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Sadly, I totally agree with Suzieque. And sadder yet, there probably isn't anything you can do.

    Bookmark   March 26, 2008 at 3:31PM
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This sounds horrible. And probably there isn't much you can do about it.

However, you might google "Gentle Discipline" and learn more about this method. If there's a forum, you might present some of these problems. If there is an 'ask the expert portion" maybe you could ask also.

But I doubt your daughter will be very receptive to much imput from you. I remember being in a bookstore at Xmas and seeing 2 4 years old boys running amok among stacks of books. Their mother was weakly saying, "Darling, please, darling, please". Finally, an employee told the kids to knock it off, and the mother leaned closer to the employee confidentially: "I'm so glad you said something."

I also have a friend who is deaf and got a divorce and whose mother thinks her granddaughter is the poorest most put upon little thing on earth. Poor steffi, from a broken family. Poor Steffi, who mother is deaf.

Poor Steffi sounds just like your granddaughter, and I have to say, now that Poor Steffi is 8, things are not going so well for her. She's a bully at school, has few friends, is disliked by teachers, in therapy, and a month or so ago this friend actually had to call the police on her daughter. (Friend lives out of state, so I don't know the whole story yet). Friends had to cut off bad-influence grandma who would insist Steffi be allowed to do whatever she wanted even as Mom was saying no. Grandma would actually fight with mom over it infront of poor Steffi.

As re your granddaughter, I'd stick to things that actually affect your directly: such as the food being thrown. No one should have to endure getting food thrown at them. You may try talking to your daughter again, or maybe choose not to share dinners until Steffi is old enough not to throw food (how old would that be, btw)

Also, you may want all your visiting to be done in house when your daughter is available to do the disciplining. Maybe stop taking your granddaughter on trips to the mall until your granddaughter can be relied upon to behave.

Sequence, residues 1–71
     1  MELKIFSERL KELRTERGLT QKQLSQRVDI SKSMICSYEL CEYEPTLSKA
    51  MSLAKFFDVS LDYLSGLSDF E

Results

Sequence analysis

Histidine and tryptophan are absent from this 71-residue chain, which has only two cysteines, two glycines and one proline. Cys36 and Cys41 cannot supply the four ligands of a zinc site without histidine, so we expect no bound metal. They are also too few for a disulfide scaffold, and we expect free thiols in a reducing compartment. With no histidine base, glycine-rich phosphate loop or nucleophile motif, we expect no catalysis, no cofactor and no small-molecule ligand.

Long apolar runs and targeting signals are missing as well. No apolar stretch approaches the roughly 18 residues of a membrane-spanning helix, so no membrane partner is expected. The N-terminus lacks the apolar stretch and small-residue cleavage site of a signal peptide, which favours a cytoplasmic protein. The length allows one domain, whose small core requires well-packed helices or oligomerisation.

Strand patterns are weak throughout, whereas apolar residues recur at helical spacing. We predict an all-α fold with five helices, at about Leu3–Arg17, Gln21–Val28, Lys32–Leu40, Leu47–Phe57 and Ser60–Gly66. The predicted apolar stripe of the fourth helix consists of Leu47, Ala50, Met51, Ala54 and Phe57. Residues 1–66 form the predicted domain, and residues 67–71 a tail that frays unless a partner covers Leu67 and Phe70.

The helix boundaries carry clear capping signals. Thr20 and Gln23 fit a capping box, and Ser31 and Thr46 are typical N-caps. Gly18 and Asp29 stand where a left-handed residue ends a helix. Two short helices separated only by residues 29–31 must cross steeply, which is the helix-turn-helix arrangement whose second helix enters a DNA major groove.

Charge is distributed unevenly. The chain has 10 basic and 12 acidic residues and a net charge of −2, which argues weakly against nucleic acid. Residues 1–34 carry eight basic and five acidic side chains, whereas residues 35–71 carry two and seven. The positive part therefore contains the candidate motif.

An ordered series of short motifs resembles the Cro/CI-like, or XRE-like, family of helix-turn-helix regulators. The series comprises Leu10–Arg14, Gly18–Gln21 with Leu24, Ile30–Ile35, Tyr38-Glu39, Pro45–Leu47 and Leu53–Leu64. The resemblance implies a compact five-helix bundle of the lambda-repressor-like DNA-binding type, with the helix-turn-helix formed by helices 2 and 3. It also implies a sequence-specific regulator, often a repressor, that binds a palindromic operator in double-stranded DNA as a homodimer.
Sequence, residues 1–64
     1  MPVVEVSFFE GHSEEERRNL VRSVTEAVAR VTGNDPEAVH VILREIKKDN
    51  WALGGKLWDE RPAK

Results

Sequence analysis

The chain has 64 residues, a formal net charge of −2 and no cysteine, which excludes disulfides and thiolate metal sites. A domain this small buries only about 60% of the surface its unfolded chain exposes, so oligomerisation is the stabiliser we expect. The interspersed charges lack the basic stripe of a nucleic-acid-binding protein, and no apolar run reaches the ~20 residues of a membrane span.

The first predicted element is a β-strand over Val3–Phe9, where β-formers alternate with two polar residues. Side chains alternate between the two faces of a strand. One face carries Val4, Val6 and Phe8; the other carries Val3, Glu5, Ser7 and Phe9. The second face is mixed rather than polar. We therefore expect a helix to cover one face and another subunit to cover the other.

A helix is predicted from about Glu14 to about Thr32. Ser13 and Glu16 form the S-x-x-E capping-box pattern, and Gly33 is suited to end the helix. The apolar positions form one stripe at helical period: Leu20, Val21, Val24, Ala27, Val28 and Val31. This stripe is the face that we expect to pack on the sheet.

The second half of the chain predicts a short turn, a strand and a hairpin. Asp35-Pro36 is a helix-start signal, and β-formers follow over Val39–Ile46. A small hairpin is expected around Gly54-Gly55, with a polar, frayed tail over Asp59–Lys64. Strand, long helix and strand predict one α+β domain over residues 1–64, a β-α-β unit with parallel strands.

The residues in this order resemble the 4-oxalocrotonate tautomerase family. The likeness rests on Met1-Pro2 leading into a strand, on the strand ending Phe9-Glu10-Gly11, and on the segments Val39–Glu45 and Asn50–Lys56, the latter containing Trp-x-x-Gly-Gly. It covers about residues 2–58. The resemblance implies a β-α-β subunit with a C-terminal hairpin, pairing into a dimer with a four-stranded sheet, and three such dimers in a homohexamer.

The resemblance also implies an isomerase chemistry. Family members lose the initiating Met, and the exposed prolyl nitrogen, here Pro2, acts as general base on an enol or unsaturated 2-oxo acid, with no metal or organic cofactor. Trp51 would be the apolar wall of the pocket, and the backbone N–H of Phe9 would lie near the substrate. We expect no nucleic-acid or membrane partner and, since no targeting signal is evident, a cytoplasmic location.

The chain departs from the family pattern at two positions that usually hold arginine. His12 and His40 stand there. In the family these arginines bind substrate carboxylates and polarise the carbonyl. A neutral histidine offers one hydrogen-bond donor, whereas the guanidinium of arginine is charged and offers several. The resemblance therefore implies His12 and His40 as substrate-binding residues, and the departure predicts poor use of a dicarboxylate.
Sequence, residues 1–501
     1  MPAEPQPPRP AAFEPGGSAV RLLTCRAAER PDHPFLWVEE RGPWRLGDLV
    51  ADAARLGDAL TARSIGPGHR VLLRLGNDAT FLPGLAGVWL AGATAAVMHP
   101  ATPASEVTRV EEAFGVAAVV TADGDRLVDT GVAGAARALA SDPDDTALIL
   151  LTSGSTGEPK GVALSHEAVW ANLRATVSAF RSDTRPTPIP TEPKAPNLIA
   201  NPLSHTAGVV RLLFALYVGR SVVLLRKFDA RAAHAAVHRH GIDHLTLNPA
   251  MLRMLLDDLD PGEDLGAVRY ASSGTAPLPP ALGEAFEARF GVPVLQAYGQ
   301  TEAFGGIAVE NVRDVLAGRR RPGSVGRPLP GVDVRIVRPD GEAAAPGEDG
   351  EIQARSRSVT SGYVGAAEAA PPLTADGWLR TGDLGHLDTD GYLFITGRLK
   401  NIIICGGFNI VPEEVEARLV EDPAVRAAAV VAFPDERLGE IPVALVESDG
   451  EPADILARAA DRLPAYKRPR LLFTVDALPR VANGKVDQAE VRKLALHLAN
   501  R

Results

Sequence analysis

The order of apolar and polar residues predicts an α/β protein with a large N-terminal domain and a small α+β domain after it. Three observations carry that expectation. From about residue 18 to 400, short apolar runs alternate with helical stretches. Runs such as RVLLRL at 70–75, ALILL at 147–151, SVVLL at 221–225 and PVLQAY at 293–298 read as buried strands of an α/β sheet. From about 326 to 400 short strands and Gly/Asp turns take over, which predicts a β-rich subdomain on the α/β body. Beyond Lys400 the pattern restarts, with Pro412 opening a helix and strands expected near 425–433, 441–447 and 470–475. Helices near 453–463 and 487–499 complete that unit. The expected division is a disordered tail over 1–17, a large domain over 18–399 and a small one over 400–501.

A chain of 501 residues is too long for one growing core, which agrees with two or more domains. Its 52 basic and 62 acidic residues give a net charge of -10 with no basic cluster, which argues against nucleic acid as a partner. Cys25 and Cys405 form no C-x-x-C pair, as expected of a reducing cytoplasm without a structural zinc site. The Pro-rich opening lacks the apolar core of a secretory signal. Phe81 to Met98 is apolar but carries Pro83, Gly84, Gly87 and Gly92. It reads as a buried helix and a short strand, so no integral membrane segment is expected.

My nephew did something once similar to your mall experience. He stubbed his toe (abt age 7) and fell on the ground clutching it and howling, all out of proportion to the pain even the most severe toe stubbing could cause. I stood and watched him and once when he peered out at me, I said: "What are you doing!" He said, "My toe hurts, my toe hurts." I said: "Why are you crying so much." He said, "I always cry a lot." Me: "Really? Why?" Him: "Because I'm very sensitive." Me: "Well, I'm sensitive too and that noise hurts by ears. Why don't you go in the bedroom and do it." He looked shocked. "I'm done now." Me: "Just the same, you must have worn yourself out yelling like that. You need to lay down for a half hour and get collected."

I can't say we are very close, but he's not close with hardly anyone. (At age 9 he fell on the ground because his grandmother wouldn't give him ice cream at 10 am. I walked up on him thrashing about on the floor and my MIL hoovering anxiously trying to get him to stop. She couldn't even get him an ice cream because the store was closed. As I walked up to them, I heard him howl: "Who do you think you are talking to?" This coming from a 9 year old to his 65 year old grandmother. Me, I would have answered, "I'm talking to a 9 year old who's about to spend his day writing sentences. Why? Who do you think YOU'RE talking to?" But I figured it wasn't my problem, or my drama. It was between grandma, grandson and ultimately mom and dad.